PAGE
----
Shows featuring songsters like Andy Williams and Bing Crosby were extremely popular in the '60s. Live comedy shows also claimed a large portion of the viewer demographic. Laugh-In (which introduced Goldie Hawn, also a Boomer) and The Smothers Brothers held an admirable share in the comedy market, but The Carol Burnette show might have sustained a slight edge. Game shows such as The Dating Game and The Newlywed Game began to appear, as did sci-fi icons Fantasy Island, Mission Impossible, and Star Trek (decades later, Captain Kirk was transformed into lawyer Denny Crane). The sci-fi series Outer Limits seemed to have been inspired by its predecessor,The Twilight Zone.
Soap operas (so named because they were designed to sell soap and other household products to their daytime viewers) like Days of Our Lives and General Hospital joined their forerunners, such as Guiding Light ( which continued until September of '09) and As The World Turns (which lasted until September of 2010). Dark Shadows, with eerie characters like Barnabas Collins and company, took soap operas to a new level, as Rocky and Bullwinkle did for the cartoon genre. (I still remember the kid who sat behind me during my once-a-week high school study hall practicing his Bullwinkle impersonation.)
The Lawyers of the 1970's ushered in the bevy of shows about attorneys and their clients that appeared decades later, while Ben Casey; Dr. Kildare ( Richard Chamberlain, who played the title character, currently appears on Brothers and Sisters); and Marcus Welby (Robert Young is still my idea of the ideal physician) introduced the medical drama format that became so popular. You can still hear, "LIVE- It's Saturday Night!" on the ingenious, timeless comedy of the same name. Oh- "Do you know how to get to Sesame Street ?" You might, since it's lasted all these years as arguably one of the best- if not the best- children's shows of all times. Who isn't familiar with Cookie Monster, good buddies Burt and Ernie, grouchy old Oscar in his garbage can, adorable little red Elmo, and the biggest Bird of all?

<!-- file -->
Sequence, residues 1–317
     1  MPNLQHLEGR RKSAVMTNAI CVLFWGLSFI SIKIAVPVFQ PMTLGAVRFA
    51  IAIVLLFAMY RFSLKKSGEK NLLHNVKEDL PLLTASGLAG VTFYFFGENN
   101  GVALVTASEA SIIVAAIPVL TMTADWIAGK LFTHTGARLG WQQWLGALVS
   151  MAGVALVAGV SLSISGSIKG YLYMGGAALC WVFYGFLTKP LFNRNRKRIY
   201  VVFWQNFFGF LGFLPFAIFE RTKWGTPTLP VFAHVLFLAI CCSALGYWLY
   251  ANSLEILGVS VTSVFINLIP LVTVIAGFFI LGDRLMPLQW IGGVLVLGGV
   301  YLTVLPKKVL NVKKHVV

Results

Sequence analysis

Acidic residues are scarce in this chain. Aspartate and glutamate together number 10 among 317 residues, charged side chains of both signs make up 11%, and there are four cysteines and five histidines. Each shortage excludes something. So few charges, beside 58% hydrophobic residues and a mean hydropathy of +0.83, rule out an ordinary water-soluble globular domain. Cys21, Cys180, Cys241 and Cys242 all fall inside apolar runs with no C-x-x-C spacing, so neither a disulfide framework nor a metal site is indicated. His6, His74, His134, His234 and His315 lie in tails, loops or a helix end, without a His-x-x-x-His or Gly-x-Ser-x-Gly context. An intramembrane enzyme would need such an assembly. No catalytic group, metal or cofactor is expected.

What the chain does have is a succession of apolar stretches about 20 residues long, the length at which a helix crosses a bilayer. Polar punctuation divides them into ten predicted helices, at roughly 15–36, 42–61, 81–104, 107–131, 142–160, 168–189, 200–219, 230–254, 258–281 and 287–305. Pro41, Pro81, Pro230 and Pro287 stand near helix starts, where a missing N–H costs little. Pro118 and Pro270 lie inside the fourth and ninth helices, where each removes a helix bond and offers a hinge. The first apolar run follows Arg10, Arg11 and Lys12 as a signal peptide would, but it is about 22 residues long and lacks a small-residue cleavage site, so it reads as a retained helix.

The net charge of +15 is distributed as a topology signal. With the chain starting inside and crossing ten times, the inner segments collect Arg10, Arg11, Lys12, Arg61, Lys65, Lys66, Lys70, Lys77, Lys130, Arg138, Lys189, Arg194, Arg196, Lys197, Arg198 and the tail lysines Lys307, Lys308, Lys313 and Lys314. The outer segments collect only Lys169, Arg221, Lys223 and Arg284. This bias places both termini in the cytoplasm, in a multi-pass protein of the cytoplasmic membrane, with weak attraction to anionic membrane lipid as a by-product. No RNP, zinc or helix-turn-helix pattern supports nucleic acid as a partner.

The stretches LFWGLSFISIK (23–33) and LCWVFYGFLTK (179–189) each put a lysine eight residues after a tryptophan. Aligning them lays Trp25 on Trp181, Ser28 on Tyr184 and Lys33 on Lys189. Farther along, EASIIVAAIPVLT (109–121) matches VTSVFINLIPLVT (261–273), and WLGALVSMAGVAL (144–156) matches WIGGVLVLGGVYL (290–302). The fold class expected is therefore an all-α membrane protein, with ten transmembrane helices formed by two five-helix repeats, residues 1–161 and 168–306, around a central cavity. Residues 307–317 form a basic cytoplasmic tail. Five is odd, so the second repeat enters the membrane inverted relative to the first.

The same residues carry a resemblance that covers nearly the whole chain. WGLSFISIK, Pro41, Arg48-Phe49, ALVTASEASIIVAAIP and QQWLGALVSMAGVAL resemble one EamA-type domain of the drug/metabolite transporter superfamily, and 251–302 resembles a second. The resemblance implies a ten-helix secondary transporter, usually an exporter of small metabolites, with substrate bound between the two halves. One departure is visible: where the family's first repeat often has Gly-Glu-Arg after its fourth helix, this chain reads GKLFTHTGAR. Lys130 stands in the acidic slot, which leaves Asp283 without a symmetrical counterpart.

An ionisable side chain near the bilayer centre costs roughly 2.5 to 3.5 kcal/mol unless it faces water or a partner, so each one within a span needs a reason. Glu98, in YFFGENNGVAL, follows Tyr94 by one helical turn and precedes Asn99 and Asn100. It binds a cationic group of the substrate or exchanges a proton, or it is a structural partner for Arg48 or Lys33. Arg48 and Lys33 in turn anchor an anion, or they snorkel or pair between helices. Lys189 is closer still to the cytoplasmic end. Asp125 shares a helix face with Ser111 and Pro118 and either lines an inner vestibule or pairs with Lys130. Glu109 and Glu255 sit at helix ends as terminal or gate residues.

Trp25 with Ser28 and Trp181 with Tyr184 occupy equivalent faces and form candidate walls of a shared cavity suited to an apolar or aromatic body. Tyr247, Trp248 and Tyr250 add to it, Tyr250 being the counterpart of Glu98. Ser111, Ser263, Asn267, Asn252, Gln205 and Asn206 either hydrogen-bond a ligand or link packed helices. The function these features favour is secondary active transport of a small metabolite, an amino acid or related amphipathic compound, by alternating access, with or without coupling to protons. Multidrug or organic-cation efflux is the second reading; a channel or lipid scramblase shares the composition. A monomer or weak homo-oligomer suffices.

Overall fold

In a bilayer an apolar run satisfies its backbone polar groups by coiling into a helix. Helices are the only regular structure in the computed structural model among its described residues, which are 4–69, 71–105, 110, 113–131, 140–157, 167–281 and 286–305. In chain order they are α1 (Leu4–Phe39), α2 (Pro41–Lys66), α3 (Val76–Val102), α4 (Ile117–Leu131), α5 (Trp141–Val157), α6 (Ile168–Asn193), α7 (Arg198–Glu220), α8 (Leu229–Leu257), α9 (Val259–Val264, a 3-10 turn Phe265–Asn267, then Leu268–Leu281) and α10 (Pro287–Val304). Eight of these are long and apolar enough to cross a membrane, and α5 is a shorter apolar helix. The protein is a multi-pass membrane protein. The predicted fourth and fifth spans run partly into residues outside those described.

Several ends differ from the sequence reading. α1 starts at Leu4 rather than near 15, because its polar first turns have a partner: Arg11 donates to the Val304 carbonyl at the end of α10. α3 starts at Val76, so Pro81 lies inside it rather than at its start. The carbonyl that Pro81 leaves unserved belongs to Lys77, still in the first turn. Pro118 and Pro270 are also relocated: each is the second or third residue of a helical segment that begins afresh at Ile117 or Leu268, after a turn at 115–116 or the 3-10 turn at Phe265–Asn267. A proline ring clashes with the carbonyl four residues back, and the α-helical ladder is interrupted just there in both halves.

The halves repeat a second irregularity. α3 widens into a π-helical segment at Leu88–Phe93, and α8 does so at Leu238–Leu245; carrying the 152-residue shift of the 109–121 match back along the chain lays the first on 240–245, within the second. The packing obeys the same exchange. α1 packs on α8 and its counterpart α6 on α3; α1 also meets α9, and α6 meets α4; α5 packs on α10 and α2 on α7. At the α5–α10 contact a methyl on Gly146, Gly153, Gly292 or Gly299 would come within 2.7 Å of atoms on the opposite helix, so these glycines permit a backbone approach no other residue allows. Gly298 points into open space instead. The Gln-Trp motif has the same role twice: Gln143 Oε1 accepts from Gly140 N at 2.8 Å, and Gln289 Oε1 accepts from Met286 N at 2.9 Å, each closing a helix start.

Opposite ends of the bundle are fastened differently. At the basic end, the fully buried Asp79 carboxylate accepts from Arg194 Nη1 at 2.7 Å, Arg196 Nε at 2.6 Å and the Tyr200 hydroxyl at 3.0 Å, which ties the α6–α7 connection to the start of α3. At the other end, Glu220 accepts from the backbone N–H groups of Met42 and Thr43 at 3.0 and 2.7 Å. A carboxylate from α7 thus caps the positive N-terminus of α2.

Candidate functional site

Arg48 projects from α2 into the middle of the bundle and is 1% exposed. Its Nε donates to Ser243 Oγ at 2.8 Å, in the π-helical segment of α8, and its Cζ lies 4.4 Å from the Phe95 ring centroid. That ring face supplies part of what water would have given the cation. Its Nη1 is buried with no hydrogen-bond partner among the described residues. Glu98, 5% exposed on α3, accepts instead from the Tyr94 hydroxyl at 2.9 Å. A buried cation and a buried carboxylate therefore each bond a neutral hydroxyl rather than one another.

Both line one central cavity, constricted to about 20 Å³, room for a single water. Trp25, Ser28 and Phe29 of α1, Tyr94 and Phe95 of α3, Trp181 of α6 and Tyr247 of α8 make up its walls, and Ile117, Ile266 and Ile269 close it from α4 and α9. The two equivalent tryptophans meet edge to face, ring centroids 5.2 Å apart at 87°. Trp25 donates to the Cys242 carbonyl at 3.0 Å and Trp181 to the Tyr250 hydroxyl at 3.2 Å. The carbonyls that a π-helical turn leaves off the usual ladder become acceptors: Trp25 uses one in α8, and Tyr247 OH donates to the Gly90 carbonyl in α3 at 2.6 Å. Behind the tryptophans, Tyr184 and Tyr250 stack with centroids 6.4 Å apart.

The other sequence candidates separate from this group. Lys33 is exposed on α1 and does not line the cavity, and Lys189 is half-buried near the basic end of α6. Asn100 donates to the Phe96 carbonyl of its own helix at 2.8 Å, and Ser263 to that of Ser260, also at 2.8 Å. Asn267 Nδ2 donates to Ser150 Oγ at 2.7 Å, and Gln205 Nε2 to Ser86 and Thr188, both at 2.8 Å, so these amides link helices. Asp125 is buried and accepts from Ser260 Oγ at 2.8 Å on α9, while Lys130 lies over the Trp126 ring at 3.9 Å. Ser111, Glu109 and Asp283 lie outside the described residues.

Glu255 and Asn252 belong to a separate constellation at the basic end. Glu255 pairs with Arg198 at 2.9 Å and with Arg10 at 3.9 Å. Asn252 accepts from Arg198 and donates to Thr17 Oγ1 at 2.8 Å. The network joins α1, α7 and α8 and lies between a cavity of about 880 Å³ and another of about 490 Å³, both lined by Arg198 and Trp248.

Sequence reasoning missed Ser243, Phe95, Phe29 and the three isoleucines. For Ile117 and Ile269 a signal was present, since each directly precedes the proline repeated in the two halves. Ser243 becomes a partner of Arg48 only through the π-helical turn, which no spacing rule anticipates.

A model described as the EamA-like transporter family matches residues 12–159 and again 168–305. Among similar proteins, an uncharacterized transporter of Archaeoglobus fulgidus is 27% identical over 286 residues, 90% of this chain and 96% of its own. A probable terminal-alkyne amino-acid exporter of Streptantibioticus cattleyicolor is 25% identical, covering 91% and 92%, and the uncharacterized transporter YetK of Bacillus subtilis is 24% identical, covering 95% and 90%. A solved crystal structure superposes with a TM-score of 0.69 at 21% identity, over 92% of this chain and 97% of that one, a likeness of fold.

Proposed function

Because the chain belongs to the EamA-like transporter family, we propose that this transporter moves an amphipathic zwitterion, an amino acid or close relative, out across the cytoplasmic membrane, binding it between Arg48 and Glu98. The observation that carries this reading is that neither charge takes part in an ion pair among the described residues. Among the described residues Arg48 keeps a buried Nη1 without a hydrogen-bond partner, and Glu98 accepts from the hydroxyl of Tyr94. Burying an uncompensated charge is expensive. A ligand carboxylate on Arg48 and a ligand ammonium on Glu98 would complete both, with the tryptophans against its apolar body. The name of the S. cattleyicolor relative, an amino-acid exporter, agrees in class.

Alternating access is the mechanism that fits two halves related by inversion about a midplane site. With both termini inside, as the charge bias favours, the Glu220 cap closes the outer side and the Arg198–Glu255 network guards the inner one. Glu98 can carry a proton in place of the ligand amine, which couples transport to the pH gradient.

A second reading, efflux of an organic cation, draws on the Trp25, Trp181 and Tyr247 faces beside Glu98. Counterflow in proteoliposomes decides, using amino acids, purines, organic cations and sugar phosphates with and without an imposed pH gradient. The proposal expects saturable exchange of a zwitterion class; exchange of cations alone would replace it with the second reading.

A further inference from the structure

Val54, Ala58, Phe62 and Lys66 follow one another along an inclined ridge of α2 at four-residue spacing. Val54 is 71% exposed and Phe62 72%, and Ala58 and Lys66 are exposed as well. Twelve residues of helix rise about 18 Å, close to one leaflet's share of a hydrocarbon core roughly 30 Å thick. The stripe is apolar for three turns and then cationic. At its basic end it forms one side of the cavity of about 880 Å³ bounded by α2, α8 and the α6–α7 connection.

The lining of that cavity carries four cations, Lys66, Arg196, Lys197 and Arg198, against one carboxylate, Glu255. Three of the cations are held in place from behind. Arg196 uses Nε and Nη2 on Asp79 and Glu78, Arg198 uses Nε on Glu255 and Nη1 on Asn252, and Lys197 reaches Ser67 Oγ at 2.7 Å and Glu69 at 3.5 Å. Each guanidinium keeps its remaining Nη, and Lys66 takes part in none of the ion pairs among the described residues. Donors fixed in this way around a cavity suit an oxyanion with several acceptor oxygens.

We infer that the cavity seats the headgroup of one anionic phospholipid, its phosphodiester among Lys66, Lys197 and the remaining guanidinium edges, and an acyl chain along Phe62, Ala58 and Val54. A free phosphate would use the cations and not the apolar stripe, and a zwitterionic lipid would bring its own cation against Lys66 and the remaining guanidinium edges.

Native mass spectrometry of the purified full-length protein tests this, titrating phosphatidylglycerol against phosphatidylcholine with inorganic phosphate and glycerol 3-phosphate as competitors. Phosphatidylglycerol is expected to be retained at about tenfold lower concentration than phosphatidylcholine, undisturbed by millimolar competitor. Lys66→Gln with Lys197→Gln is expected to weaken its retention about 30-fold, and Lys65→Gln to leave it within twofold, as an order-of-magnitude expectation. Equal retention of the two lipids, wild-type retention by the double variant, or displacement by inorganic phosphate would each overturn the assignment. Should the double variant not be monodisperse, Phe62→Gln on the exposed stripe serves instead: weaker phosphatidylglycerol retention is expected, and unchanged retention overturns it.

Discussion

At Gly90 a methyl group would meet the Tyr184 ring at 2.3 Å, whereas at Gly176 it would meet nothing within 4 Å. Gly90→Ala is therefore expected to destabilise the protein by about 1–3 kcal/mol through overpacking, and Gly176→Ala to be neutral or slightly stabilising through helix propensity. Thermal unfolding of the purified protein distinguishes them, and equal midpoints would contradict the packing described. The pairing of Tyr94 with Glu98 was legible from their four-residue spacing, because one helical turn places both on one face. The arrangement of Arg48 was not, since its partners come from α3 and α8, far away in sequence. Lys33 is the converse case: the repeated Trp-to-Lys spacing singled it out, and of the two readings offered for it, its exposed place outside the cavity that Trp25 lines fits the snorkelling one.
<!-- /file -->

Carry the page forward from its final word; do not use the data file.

Imagine, all those unforgettable TV shows carried the Original Boomers only a year or two beyond college (if that was their chosen path, of course). Still to come in the '70s were The Muppet Show, M*A*S*H*, Happy Days (with a teen-aged Ron Howard), The Electric Company, The Brady Bunch, The Incredible Hulk, Mork and Mindy ( Robyn Willams' still wows the crowd with his comic genius), Sanford and Son, Wonder Woman, Little House On The Prairie , Charlie's Angels, The Six Million Dollar Man, Family Feud, The Rockford Files, The Odd Couple, The Waltons (" 'Night, John Boy."), et al. The '80s brought soap operas The Bold and the Beautiful, Falcon Crest, and Baywatch plus a bevy of comedies: Full House, Quantum Leap, Night Court, Bosom Buddies, Matlock, The Cosby Show, and Family Ties. The same decade saw a revival of The Twilight Zone plus Star Trek Next Generation, and many shows, like Bosom Buddies, Cagney and Lacey, and Kate and Allie, that featured women as main characters. The hospital-based St. Elsewhere ( which introduced both Denzel Washington and Howie Mandel) showcased superb writing throughout its TV run, right up until the incredible finale. Speaking of finales, the 1980s ushered in perhaps the most-watched afternoon TV show ever:The Oprah Winfrey Show , which currently is celebrating its 25th (and final) season with an impressive line-up.
The list goes on and on. I'm sure you remember many shows from the '90s: Seventh Heaven, Ally McBeal (introducing Callista Flockhart), Seinfeld ("No soup for you!"), Chicago Hope, ER, Providence ( Hello, Melina Kanakaredes), Friends, and many more. The turn of the century ushered in the hallowed Reality Show Concept: American Idol, Survivor, Dancing With the Stars, The Biggest Loser, The Apprentice, the Bachelor, the Bachelorette, etc., etc., etc., plus unique new twists on old ideas, like Everybody Loves Raymond, Desperate Housewives, Grey's Anatomy, CSI, The West Wing, and Deal or No Deal. In the final analysis, though,the shows that probably had the greatest effect on the Original Boomers are those from television's infancy, when both the shows and the Boomers were still.... well, innocent.